An overnight success can be years in the making. Vance Joy’s career, by any casual observation, blasted off like a SpaceX rocket: it fired up immediately, made a stratospheric trip with the world looking on, and the rest of the journey has been smooth. No catastrophic failures.
Flash back to February 2013. Michael Gudinski is energised. The Mushroom Group chairman has rounded up friends and supporters of his company, which is celebrating its 40th year in business. Business is good.
The Melbourne restaurant is packed out as guests are treated to an Italian meal, and a performance by a young artist. Remember his name, Gudinski insists. Vance Joy. An industry crowd is typically a tough one. The sun is still up; there are no pyrotechnics. No effects. No mics. No problem.
I’ve never worked with an artist who works as hard as him
The team behind Vance Joy’s meteoric rise are looking on, from Mushroom Music managing director Ian James, to UNIFIED Music Group Founder and CEO Jaddan Comerford, Liberation Records Managing Director Damian “Damo” Slevison and many others.
Nothing about this artist’s launch has been without meticulous planning, and with his new album Nation of Two on target for a place at or near the top of ARIA Albums Chart, it’s a trek years in the making.
Working closely with James Keogh, who records and performs as Vance Joy, is a test of stamina. He’s a wanted man. Unified’s Rachel Comerford is in the midst of an international sprint with the artist, who she co-manages with her husband, Jaddan. In the space of a month, Keogh’s global promo trip visited Germany and the U.K., dashed across Canada and both coasts of the United States before pausing on the east coast of Australia. Comerford’s feet never touched the ground.
“I’ve never worked with an artist who works as hard as him,” she says. It’s an “old school” promotional trip, Comerford tells TIO just days before embarking on another long haul. “Three months ago we started planning out where we need to be, which markets needed more time, which were priorities. We went for all our markets.”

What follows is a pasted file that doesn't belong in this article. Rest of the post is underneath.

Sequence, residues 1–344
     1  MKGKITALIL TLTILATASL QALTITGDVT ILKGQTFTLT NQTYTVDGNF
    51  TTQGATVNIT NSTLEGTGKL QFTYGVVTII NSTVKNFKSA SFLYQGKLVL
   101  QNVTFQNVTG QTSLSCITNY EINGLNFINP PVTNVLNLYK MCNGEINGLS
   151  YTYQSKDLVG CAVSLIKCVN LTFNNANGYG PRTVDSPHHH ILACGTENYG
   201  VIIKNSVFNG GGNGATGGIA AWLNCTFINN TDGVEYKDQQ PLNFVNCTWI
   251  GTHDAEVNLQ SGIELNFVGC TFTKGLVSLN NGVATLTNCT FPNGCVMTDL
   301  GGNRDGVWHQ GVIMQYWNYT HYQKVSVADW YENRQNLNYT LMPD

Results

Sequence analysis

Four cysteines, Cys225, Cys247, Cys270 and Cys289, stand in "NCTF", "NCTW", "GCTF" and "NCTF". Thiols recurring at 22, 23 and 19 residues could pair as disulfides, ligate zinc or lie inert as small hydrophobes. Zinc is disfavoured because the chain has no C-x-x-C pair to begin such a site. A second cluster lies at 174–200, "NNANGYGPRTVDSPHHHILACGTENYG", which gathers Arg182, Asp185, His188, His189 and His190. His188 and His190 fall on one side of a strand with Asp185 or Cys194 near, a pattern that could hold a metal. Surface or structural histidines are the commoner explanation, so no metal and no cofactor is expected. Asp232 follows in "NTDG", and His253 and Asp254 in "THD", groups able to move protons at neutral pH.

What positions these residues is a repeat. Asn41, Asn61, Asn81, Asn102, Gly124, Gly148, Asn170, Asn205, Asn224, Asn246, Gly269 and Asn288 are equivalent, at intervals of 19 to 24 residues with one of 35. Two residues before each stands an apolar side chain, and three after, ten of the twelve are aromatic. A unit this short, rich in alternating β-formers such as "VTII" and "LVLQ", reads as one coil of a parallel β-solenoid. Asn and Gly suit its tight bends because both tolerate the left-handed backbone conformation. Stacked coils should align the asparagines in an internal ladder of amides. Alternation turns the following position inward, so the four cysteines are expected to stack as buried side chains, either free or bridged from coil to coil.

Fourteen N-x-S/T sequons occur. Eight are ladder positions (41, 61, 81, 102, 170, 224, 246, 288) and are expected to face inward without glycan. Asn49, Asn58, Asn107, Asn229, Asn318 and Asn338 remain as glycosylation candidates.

There was lot of expectation for this record. But he’s nailed it
Vance Joy has no shortage of interest. He’s a global priority for Atlantic, which released Nation of Two throughout the rest of the world, excluding Australia and New Zealand, where it’s issued via Mushroom’s Liberation Records. Thanks in part to the phenomenal success of ‘Riptide’ and his connection with superstar Taylor Swift (she famously covered the song and invited the Aussie to support her on the 1989 tour), he’s emerged as a frontline act in North America. Joy is putting up “extremely solid pre-sales” for 10,000-plus arenas in Canada, explains Comerford, and turning heads in South America, where he played on a 2017 Lollapalooza bill that visited Argentina, Brazil and Chile.
This old-school campaign is tapping into some new-fangled tools, namely Spotify, which is helping Joy’s team identify where the love is. “With streaming we know where there is an audience. We’re continuing to build the markets that are already very solid foundations, Australia, North America, and looking to rebuild the U.K. and Europe. South America is a huge emerging market for us on Spotify so why wouldn’t we go there? It’s about trying to connect the dots.”